• His narcissism is constantly stoked. He’s late to class, gets caught sneaking a smoke between classes, rips a toilet out of the bathroom wall, takes a jab at some kid in the hall. Well, maybe he’s just having a bad day. There’s always a coach or a counselor to smooth things over. He might end up running a few bleachers. If worse comes to worst, he might scribble his name on a letter of apology his mother wrote. • His parents feed off of his celebrity. Perhaps mom and dad are socially connected anyway. Maybe they’re chummy with the police chief or the mayor or even a state representative or two — people who are in positions to pull strings, make phone calls, make problems disappear. • He gets whatever he wants when he wants it: a cool car, cool clothes, $500 headphones, access to the liquor cabinet and free weekends devoid of nosey parents who won’t ask what’s going on in there. • He’s raised to believe that men are men and girls are just girls, and anyone who attempts to bend or straddle the line is inferior or weird and thus worthy of whatever comes their way. This is particularly true for sissy boys and mistyeyed girls. • He’s taught to choose his victims carefully, preferably the weaklings, the chemically incapacitated, the mentally or socially impaired. If caught or confronted, he knows the system will blame the victim. They asked for it, after all. And so, this is how otherwise nice, likeable, popular boys come to behave despicably. They’re not victims, not without fault, but they’ve been taught — and they’ve learned — that the normal rules apply to saps, not to local heroes like them. BOBBY HAWTHORNE is the author of “Longhorn Football” and “Home Field,” both published by The University of Texas Press. In 2005, he retired as director of academics for the University Interscholastic League.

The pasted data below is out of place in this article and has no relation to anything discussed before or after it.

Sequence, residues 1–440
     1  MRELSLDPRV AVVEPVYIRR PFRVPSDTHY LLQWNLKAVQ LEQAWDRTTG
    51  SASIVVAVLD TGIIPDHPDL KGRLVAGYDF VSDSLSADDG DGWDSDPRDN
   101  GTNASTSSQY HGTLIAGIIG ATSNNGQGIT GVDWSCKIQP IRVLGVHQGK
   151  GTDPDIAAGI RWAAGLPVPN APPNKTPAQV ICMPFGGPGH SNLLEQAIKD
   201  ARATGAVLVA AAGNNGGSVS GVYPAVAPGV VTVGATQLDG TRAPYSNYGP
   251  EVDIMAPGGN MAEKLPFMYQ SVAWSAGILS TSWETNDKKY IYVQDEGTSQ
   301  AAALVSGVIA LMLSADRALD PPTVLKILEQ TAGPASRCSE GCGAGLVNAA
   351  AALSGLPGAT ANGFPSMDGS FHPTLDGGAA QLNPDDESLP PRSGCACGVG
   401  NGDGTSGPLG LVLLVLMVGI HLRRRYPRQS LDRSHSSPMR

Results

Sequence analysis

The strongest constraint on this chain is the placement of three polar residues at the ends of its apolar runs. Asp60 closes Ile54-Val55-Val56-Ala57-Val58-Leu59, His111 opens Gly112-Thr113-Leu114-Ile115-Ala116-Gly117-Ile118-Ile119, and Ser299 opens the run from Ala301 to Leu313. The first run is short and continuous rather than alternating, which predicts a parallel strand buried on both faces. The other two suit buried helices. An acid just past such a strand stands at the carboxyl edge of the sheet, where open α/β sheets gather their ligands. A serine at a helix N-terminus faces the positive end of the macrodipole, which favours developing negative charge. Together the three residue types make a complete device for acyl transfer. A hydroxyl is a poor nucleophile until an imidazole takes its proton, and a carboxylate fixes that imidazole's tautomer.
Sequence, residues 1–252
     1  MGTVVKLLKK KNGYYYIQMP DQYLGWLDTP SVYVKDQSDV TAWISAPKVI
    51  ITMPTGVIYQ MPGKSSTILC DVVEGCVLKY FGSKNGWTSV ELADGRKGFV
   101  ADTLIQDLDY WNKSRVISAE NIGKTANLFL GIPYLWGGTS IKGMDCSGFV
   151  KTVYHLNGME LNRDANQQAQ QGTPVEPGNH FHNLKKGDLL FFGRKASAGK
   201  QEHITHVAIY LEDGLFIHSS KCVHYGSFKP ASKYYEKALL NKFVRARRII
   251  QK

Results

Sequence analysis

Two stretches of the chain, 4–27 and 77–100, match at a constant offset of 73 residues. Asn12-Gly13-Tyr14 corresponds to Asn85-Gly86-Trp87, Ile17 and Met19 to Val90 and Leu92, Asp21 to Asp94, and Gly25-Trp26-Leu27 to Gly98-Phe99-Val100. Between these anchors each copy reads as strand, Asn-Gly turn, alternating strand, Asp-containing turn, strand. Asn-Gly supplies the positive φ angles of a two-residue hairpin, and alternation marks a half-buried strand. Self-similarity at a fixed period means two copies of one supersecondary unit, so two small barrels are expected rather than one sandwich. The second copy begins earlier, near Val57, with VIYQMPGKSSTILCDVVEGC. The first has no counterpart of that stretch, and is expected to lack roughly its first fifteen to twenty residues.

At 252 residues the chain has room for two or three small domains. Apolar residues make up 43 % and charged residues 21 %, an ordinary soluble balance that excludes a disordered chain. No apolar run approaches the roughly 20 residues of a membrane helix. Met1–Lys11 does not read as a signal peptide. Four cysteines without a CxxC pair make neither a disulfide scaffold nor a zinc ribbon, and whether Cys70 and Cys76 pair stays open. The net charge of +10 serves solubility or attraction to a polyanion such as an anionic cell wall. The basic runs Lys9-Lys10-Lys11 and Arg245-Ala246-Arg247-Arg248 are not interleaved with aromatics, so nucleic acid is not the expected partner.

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TASPA, TAEE members gather in Austin The Texas Association of School Personnel Administrators and the Texas Association for Employment in Education joined forces to host their annual winter conference on Dec. 11-13 in Austin.